Marshalls gets US medical team support with dengue treatment

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MAJURO — With Majuro hospital wards overflowing with dengue fever patients, a U.S. volunteer medical team has arrived to bolster the hospital’s treatment program.

An AmeriCares medical team of one doctor and several nurses arrived earlier this week to work at Majuro hospital, with additional medical personnel from the U.S.-based volunteer organization expected to follow next week.

“They are here to help support our health care workers to deal with the Dengue Ward and emergency room, which are overwhelmed almost every day (with dengue cases),” said Secretary of Health Jack Niedenthal.

Taiwan and other donors have been assisting by providing medical supplies to help resupply the hospital that has seen many basic medical supplies dwindle in the face of thousands of dengue cases.

The Marshall Islands has been in a state of health emergency for six months in response to the dengue outbreak that got started in Ebeye Island last July. While Ebeye has seen no new cases in two months, the number of cases in Majuro continues at what Niedenthal described as an “astounding” pace.

During the past seven days, Majuro hospital saw 160 dengue patients, an average of 23 per day.

Taiwan government officials join with Marshall Islands Ministry of Health and Human Services representatives earlier in January for one of many donations Taiwan has provided in recent months in support of Majuro hospital services.  Photo by Hilary Hosia

Over 2,300 confirmed and suspected dengue fever cases have been seen in the country since last July, with the vast majority in Majuro. Cases have also been identified on six remote outer islands, particularly since the government ended the ban on outer islands travel in mid-December. Majuro has accounted for 1,962 of the total cases, reported the Ministry earlier this week.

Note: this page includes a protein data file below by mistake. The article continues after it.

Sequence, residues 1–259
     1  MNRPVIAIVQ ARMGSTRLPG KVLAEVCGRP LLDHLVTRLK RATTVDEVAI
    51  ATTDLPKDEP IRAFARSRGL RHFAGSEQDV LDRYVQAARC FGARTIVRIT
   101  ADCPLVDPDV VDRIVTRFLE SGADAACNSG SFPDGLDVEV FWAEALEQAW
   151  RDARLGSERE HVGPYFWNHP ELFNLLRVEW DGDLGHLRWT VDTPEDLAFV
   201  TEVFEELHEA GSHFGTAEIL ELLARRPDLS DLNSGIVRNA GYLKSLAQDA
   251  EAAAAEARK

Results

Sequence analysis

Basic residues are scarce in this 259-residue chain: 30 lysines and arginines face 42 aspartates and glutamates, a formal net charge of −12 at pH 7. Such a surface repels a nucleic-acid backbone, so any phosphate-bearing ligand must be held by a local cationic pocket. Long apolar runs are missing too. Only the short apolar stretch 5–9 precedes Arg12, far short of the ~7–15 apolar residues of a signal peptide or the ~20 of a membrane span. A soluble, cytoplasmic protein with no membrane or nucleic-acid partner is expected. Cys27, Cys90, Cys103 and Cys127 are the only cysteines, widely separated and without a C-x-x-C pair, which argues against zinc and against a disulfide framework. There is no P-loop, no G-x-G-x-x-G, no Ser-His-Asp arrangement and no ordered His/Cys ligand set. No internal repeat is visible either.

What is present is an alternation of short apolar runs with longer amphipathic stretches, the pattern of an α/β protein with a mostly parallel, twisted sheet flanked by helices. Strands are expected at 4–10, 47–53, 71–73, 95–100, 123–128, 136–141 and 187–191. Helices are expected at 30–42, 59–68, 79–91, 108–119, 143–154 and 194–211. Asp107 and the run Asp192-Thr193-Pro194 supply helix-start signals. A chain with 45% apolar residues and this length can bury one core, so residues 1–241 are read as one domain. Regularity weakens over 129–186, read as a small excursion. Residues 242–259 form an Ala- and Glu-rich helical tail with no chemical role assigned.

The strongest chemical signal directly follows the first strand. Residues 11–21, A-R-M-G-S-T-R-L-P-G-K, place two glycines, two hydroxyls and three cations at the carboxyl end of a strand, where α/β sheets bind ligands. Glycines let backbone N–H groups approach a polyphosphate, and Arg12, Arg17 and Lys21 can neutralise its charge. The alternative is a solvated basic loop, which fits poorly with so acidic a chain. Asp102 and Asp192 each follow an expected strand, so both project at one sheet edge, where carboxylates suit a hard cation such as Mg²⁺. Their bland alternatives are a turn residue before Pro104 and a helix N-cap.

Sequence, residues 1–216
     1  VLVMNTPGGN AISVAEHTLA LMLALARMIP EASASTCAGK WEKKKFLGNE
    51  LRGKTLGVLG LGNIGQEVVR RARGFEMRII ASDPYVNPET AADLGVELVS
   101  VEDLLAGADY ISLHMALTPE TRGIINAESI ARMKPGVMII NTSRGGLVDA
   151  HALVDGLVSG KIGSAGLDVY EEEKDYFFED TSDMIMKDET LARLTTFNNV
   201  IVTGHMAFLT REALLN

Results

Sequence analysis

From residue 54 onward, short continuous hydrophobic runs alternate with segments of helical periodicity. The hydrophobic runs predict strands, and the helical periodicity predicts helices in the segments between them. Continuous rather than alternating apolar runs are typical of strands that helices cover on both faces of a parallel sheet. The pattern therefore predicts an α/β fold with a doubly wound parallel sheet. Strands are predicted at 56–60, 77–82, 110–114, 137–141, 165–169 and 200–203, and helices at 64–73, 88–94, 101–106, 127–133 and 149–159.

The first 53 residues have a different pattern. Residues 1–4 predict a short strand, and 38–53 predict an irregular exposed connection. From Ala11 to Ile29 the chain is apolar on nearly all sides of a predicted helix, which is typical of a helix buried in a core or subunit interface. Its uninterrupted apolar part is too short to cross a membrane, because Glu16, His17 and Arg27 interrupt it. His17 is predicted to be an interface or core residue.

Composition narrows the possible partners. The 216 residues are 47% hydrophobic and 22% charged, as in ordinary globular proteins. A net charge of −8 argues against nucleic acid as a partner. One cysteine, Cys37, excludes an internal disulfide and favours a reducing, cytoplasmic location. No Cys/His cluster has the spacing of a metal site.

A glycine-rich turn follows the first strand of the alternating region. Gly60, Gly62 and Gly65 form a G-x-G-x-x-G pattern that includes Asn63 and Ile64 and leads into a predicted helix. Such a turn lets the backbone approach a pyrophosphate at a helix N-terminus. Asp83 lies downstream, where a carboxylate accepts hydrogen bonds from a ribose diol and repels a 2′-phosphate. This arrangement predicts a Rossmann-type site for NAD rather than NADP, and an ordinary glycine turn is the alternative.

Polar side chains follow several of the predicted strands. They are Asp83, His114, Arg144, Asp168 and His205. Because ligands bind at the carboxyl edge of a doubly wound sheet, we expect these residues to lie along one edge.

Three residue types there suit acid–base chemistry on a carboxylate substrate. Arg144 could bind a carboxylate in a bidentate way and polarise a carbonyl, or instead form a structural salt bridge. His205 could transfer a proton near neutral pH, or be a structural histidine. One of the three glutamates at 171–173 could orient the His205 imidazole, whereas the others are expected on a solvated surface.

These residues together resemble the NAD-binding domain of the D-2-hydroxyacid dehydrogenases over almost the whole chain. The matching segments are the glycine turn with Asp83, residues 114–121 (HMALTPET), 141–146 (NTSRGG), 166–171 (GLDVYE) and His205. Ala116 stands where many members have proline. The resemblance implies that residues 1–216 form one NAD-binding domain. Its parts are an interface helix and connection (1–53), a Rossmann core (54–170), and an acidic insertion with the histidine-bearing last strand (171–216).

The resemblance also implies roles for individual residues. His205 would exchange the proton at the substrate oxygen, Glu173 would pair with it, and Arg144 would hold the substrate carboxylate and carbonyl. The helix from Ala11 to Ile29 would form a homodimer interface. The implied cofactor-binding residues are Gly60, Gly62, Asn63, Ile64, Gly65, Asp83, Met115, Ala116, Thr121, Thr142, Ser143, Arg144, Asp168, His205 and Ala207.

While the six-month long dengue outbreak, coupled with an influenza outbreak in November and December, has stressed Majuro hospital staff and resources, an official from the U.S. Centers for Disease Control praised the Ministry of Health and Human Services for a “heroic” response.

“My appreciation from afar for the amazing work you and your team have done, especially this past six months with the prolonged dengue outbreak,” said Dr. Richard Brostrom, a senior advisor with the Atlanta, Georgia-based Centers for Disease Control, in an email communication with Niedenthal this week. “Your efforts are locally heroic, positively integrated with external attempts to provide some assistance, and serve as an example for others in the Pacific.”

Brostrom praised the data reporting by the ministry. The “capacity to collect, organize, and share the ongoing outbreak situation report is the best I have seen in 24 years of working in the islands. Let’s hope the dengue outbreak ends very, very soon.”

As the dengue outbreak picked up last September, Majuro hospital set up a dengue ward, where patients are cloistered, staying under mosquito nets to prevent spread of the illness.

On one day earlier this week, there were 44 dengue fever patients in Majuro hospital, taking up half the bed space in the hospital. Niedenthal said they had 17 patients in the dengue ward, 12 in the emergency room with only 10 beds available, five in pediatrics, and 10 in the medical inpatient ward — a situation he said is a daily norm over the past few weeks as dengue patients have packed the hospital in Majuro.

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